Often, the area in which a franchise sales prospect is most interested is how much money can be made operating the business. All new Franchisors must determine if they will put a FPR in their FDDs. The FDD must be furnished to each franchise sales prospect by the first in-person meeting.

Due to the liability inherent in offering FPRs, most Franchisors decide against including a FPR in their FDDs. As with any business decision, there are pros and cons involved.

FPR pros include:

  1. Providing FPRs can make it easier to close the first few franchise sales.
  2. Without a FPR, franchise sales prospects must contact existing franchisees for information on how the franchise performs financially. A random sampling by franchise sales prospects can result in inaccurate information.
  3. FPRs can result in more informed franchise sales prospects.
  4. Projections may make it easier for the franchisee to secure financing for the new business.
  5. A properly prepared FPR can reduce the probability of a franchise sales person promising the prospective franchisee an unrealistic return on investment or income.
  6. Properly prepared FPRs may offer the Franchisor some protection from liability should litigation arise.

Remember, if a particular Franchisor-owned unit is available for sale, the actual financial performance of the specific location can be shared with the franchise sales prospect.

In our next blog, we will address the cons of offering FPRs.

Financial Performance Representations

In over 30 years of franchise consultant experience, people frequently ask me, “Can I give out financial projections to prospective franchisees?”

The answer is yes, if the earnings claims are compiled correctly and included in Item 19 of the company’s FDD (Franchise Disclosure Document).

The FTC (Federal Trade Commission) is the federal agency that oversees franchising.

The FTC permits a franchisor to provide information about the actual or potential financial performance of its franchises and/or franchisor-owned outlets, if there is a reasonable basis for the information and if the information is included in the FDD.

The FTC’s definition of an earnings claim is broad. Earnings claims include any representation — written, oral or visual to a prospective franchisee, including information in the media — which states, expressly or by implication, a specific level or range of actual or potential sales, income, gross profits or net profits.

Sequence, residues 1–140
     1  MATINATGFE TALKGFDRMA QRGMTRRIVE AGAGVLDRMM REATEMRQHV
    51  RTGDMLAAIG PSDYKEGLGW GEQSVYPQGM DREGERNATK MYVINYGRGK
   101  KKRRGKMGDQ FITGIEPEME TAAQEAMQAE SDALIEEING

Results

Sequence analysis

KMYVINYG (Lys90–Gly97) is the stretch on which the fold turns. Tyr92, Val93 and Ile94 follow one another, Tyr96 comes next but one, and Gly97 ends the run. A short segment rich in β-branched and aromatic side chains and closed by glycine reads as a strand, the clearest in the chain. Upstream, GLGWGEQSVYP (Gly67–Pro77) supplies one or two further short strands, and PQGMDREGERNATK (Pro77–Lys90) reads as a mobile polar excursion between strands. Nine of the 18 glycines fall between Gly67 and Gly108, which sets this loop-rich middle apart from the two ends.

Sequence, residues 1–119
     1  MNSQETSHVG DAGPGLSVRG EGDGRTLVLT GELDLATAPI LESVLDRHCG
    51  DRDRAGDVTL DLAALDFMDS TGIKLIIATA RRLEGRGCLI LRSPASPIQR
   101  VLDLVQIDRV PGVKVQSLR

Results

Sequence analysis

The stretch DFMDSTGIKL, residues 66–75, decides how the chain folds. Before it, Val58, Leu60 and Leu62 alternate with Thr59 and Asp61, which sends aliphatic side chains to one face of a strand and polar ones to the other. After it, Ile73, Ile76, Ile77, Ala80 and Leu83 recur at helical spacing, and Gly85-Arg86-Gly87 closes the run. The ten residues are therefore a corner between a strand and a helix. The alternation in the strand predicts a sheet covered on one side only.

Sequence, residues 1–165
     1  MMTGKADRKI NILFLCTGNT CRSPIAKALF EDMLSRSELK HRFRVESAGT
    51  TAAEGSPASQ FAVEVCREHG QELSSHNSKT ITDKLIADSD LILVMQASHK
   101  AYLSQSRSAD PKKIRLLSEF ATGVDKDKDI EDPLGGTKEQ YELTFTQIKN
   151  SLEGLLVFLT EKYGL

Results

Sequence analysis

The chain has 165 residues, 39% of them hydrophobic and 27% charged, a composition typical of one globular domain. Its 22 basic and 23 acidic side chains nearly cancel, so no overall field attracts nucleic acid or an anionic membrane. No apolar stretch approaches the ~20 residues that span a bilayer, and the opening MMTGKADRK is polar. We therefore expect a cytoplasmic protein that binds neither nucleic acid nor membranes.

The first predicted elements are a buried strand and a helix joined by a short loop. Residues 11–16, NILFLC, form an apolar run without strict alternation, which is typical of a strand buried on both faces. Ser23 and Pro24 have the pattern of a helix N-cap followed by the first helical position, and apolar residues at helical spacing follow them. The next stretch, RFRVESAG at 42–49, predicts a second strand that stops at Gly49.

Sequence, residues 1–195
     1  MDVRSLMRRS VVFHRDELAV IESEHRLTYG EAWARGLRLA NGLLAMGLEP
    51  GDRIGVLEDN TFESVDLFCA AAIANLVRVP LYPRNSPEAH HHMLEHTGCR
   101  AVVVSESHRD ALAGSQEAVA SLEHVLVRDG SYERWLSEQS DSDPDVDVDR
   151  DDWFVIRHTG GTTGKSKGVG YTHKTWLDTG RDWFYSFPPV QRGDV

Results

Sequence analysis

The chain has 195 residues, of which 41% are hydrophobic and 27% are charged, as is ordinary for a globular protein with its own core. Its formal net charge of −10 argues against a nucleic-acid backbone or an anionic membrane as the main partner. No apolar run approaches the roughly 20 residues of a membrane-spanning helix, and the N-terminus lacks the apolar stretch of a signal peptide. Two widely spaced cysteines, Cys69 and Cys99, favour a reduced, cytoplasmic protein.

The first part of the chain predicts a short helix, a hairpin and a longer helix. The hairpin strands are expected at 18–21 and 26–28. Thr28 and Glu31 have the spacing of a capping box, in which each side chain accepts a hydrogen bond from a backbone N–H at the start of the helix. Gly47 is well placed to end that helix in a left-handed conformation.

Earnings claims also include tables, charts or mathematical calculations that show possible results based on a combination of variables.

The definition of an earnings claim further states financial performance information that differs from that included in Item 19 may be given only if a franchisor provides the actual records of an existing outlet that the franchisor is considering selling.

The franchisor may also supplement the information provided in Item 19, for example, by providing information about possible performance at a particular location or under particular circumstances.

The earnings claim must have a “reasonable basis” at the time the information is shared. Also, the franchisor must have written substantiation and make it available to prospects, upon request.

Some examples of earnings claims are:

  • Entrepreneur Magazine reports that gross sales for an average franchise unit are over $20,000 per week;
  • Most of our franchisees take home $2,500 a week;
  • During the first year of operations, the franchise will achieve a 100% ROI (return on investment);
  • You can anticipate annual sales of $750,000 a year with a profit margin of 30%.
  • A franchise typically breaks even in 18 months; and
  • In the first six months, you can earn enough money to buy a Porsche.

As you can see, if you give any financial information to a potential franchisee about sales or profits you have made an earnings claim. While many franchisors do give out earnings claims, due to the potential risks involved, the majority do not.

In future blogs, we will address the Pros and Cons of offering earnings claims as well as the legal, financial and sales implications.